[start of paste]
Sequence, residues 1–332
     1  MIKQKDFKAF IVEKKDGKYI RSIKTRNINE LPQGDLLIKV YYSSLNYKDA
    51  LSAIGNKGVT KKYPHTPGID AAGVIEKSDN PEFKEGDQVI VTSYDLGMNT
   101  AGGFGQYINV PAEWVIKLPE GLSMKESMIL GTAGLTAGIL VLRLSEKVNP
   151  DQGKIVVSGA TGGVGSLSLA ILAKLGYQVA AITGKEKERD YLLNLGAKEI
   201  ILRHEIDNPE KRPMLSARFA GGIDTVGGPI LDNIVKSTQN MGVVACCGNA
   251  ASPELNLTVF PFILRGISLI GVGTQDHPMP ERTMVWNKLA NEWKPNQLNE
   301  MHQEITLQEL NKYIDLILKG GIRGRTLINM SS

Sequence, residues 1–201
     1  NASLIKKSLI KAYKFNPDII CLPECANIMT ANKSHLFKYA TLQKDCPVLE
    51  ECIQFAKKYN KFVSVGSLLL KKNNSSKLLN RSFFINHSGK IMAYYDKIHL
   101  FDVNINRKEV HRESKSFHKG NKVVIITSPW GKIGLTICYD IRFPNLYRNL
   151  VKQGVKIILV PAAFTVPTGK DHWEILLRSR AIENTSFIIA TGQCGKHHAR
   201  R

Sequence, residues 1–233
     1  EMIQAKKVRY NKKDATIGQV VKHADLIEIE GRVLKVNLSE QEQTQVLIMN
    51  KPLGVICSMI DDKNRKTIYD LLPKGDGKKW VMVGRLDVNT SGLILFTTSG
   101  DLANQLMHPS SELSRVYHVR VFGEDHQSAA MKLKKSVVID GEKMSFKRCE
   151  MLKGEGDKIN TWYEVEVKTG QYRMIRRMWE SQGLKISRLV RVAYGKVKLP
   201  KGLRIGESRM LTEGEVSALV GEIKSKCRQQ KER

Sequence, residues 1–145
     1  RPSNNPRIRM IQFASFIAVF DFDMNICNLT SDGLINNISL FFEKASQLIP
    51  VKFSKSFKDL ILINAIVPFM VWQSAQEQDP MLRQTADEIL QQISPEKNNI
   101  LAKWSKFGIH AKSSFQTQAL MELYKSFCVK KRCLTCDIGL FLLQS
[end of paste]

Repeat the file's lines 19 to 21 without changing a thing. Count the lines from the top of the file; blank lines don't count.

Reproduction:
   151  MLKGEGDKIN TWYEVEVKTG QYRMIRRMWE SQGLKISRLV RVAYGKVKLP
   201  KGLRIGESRM LTEGEVSALV GEIKSKCRQQ KER

Sequence, residues 1–145